The community of Tomah isn't very big, but the impact it's making around the world is huge. And it all started with the dreams of one 17-year-old boy.
News 8's Mike Thompson recently traveled to Uganda, Africa to get a first hand look at the lives that are being changed and will document the journey in a one-hour special on WKBT, "Tears to Water."
When Jesse Parker, of Tomah, died in 2009 in a car crash on his way home from a family vacation. his parents wanted to make sure his dreams of making a difference didn't die with him.
There are many things happening locally to honor his memory, but those efforts have now spread to the other side of the world.
At just 17 years old, Jesse Parker already knew how he wanted to make an impact in this world.
"He worried about big issues and I think that's what made him unique," said mom Jen.
He wanted to turn that passion into action, helping bring clean water to people in Africa. Jen says, "as you learn about water you learn, that it's really the foundation. Until you get someone clean water, they are going to reinfect themselves, and lots of times kids can't go to school."
And In Uganda, the need for clean water is huge. Like many parts of rural Africa, water is scarce and what they do have is often dirty and contaminated with diseases.
"People are really poor where they have to fetch water from the dirty ponds, we don't have electricity in our homes, we get food from the garden," said Sr. Salome Nnambi, the Headmistress at St. Kizito High School in Bethany, Uganda.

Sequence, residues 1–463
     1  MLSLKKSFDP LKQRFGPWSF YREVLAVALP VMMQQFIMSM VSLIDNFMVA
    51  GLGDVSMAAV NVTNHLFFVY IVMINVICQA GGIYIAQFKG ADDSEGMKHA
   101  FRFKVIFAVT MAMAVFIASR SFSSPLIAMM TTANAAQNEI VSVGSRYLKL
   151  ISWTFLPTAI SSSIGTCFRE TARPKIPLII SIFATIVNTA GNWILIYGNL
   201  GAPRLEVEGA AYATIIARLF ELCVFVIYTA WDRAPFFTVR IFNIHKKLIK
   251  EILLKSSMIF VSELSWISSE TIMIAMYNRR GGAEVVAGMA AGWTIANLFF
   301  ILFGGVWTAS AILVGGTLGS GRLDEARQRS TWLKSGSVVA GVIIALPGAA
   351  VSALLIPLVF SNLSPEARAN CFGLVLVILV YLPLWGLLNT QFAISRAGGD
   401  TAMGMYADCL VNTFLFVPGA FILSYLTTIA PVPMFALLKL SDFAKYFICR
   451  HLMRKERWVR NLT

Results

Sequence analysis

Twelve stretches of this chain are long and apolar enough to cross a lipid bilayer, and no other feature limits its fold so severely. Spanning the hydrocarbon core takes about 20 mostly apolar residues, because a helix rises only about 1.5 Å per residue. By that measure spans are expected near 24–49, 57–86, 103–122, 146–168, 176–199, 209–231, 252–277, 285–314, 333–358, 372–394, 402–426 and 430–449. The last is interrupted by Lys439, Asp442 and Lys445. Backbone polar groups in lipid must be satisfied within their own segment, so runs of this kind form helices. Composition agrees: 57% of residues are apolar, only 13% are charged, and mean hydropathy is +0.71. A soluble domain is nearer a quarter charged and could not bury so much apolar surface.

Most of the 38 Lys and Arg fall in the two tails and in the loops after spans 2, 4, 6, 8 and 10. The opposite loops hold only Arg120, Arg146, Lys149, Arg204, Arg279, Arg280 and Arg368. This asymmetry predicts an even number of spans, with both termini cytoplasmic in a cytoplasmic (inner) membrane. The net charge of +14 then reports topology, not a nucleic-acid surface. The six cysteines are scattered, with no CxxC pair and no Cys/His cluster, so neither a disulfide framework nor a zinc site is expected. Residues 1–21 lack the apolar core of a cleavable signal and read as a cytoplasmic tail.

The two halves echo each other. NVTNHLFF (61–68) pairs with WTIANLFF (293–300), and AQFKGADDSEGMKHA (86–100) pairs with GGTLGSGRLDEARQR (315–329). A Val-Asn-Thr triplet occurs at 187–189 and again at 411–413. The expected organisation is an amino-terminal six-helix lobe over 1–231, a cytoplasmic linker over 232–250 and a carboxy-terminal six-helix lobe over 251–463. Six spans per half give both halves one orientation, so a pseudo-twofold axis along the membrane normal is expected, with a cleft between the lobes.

The need extends into the schools here as well. The children go without some of the basic tools for learning. "They don't have the school requirements. For instance, if a child comes to class without a book, without a pen, that means the child will take a day without writing," said teacher Loukwago Muhammad.
But through the generosity of so many people in the Tomah and La Crosse area, life is changing for these rural villages in Uganda.
"When you meet these people, you just want to do more," said Tomah resident Rose Berry.
She along with six other women, including Jesse's mom Jen, made the trip to Uganda in June. They brought with them Jesse's dreams for clean water and to make a difference.
"If you knew Jess, he was always about including people and lots of different people and he had this belief and you know that saying 'be the change you wish to see in the world,' that was how he lived his life. He believed not that he could make a difference, but that he should make a difference," said Jen.
You can watch this entire journey that takes us to Africa as family and friends carry on Jesse's dreams in a one hour special called "Tears to Water."
We'll follow the Parker family through the tragic loss of their son and how they were able to turn that heartache into hope for so many people around the world. It airs Monday, Aug. 11th at 6:30 p.m on WKBT.